Palestinian doctors train in Canada to help sick kids back home
TORONTO, Canada – When Amir Atawna returns to Hebron in July, he will be one of only four Palestinian physicians specially trained to care for premature babies.
Atawna has spent almost two years as a fellow at the Hospital for Sick Children in Toronto, training with the best in neonatal health care. It is an area of paediatrics that the doctor says is lacking in Palestine – and one he hopes to improve upon his return.
“The main mortality rates among children [are] in the newborn period, due to prematurity itself,” he told Middle East Eye at the cafeteria at Sick Kids, as the hospital is commonly known. “We need this specialty to improve.”
Atawna, 33, came to Canada in July 2014 to participate in the Palestinian Healthy Child Fellowship, which seeks to provide Palestinian doctors with specialised paediatric training, and in turn, raise the level of care in the West Bank, Gaza Strip and East Jerusalem.
Atawna, who did his residency in paediatrics at al-Makassed hospital in East Jerusalem, said that while about five in 1,000 babies die when born prematurely in Israel, that number is four times higher in Palestine, at 20 deaths per 1,000 births.
He said he was drawn to neonatal care after meeting a mother at a hospital in Bethlehem in 2008 who had given birth to twins only 28 weeks (seven months) into her pregnancy. The newborns weighed around one kilogramme each.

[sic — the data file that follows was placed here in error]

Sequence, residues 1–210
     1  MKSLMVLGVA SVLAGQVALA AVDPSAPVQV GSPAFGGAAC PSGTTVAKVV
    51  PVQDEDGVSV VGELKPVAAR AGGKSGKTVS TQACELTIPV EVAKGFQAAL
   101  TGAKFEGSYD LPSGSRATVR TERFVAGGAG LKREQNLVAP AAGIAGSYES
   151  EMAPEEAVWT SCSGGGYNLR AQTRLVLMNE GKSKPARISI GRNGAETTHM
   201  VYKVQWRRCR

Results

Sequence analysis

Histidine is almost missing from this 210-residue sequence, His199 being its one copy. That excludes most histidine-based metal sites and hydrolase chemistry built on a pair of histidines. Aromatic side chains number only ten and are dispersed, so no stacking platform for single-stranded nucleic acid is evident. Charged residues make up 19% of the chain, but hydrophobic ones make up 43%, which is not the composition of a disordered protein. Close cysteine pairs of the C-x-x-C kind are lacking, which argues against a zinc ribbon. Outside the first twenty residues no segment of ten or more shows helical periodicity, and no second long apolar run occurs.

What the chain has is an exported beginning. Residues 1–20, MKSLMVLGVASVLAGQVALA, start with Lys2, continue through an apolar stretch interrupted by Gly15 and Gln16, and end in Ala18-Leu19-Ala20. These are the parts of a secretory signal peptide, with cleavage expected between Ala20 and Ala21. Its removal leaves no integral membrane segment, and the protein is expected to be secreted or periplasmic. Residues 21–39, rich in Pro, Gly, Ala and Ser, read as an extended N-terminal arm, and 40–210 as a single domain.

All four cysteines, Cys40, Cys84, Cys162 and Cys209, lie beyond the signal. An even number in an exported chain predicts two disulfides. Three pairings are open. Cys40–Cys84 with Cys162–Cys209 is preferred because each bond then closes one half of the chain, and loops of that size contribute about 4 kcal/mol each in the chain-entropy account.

“I liked the way [the doctors] managed to care for those babies. They got bigger and older and they became very healthy. It was something that pushed me towards [this specialty],” Atawna said.
“A lot of those premature babies who are born [at] less than one kilo die early on because of a lack of specialists, because of a lack of technical support [like] ventilators and incubators. When I go back, I hope that I can help.”
Making a ‘fundamental’ change
Dr Rand Askalan, a Palestinian doctor who came to Canada in 1995, launched the fellowship program for Palestinian paediatric doctors six years ago after noticing a gap in services in the West Bank.
Both Askalan’s parents fled Nablus, in the West Bank, during the war of 1967.
She returned to the West Bank in 2002, during the height of the Second Intifada, with a group of volunteer doctors. At the time, she had just finished medical school at the University of Toronto and was in her first year of paediatric neurology at Sick Kids Hospital.